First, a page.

In epileptic patients previously receiving Depakene (valproic acid) therapy, Depakote tablets should be initiated at the same daily dose and dosing schedule. After the patient is stabilized on Depakote tablets, a dosing schedule of two or three times a day may be elected in selected patients.

Migraine

Depakote is indicated for prophylaxis of migraine headaches in adults.

Depakote tablets are administered orally. The recommended starting dose is 250 mg twice daily. Some patients may benefit from doses up to 1,000 mg/day. In the clinical trials, there was no evidence that higher doses led to greater efficacy.

General Dosing Advice

Dosing in Elderly Patients

Due to a decrease in unbound clearance of valproate and possibly a greater sensitivity to somnolence in the elderly, the starting dose should be reduced in these patients. Dosage should be increased more slowly and with regular monitoring for fluid and nutritional intake, dehydration, somnolence, and other adverse reactions. Dose reductions or discontinuation of valproate should be considered in patients with decreased food or fluid intake and in patients with excessive somnolence. The ultimate therapeutic dose should be achieved on the basis of both tolerability and clinical response [see Warnings and Precautions (5.15), Use in Specific Populations (8.5) and Clinical Pharmacology (12.3)].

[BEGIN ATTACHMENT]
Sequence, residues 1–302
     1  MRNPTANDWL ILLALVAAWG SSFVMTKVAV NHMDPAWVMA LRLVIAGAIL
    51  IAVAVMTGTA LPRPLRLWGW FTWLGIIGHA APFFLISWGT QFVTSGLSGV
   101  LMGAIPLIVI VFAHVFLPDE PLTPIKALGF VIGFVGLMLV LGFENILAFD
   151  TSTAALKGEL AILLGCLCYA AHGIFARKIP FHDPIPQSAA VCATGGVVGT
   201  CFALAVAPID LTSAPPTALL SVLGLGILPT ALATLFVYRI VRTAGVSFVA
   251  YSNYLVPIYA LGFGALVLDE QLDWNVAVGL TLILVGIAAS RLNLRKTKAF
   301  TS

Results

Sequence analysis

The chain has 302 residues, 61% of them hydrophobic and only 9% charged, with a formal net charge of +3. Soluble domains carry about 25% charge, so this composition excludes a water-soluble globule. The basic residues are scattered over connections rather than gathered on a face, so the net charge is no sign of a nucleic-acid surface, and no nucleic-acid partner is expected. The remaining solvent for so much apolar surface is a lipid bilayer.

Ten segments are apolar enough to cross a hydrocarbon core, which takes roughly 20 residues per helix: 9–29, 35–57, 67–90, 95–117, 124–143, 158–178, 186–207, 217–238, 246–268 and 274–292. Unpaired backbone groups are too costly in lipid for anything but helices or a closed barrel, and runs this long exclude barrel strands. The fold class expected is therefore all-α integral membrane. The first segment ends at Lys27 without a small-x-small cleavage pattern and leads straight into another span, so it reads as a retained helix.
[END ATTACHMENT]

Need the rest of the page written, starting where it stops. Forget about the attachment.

Dose-Related Adverse Reactions

The frequency of adverse effects (particularly elevated liver enzymes and thrombocytopenia) may be dose-related. The probability of thrombocytopenia appears to increase significantly at total valproate concentrations of ≥ 110 mcg/mL (females) or ≥ 135 mcg/mL (males) [see Warnings and Precautions (5.9)]. The benefit of improved therapeutic effect with higher doses should be weighed against the possibility of a greater incidence of adverse reactions.

G.I. Irritation

Patients who experience G.I. irritation may benefit from administration of the drug with food or by slowly building up the dose from an initial low level.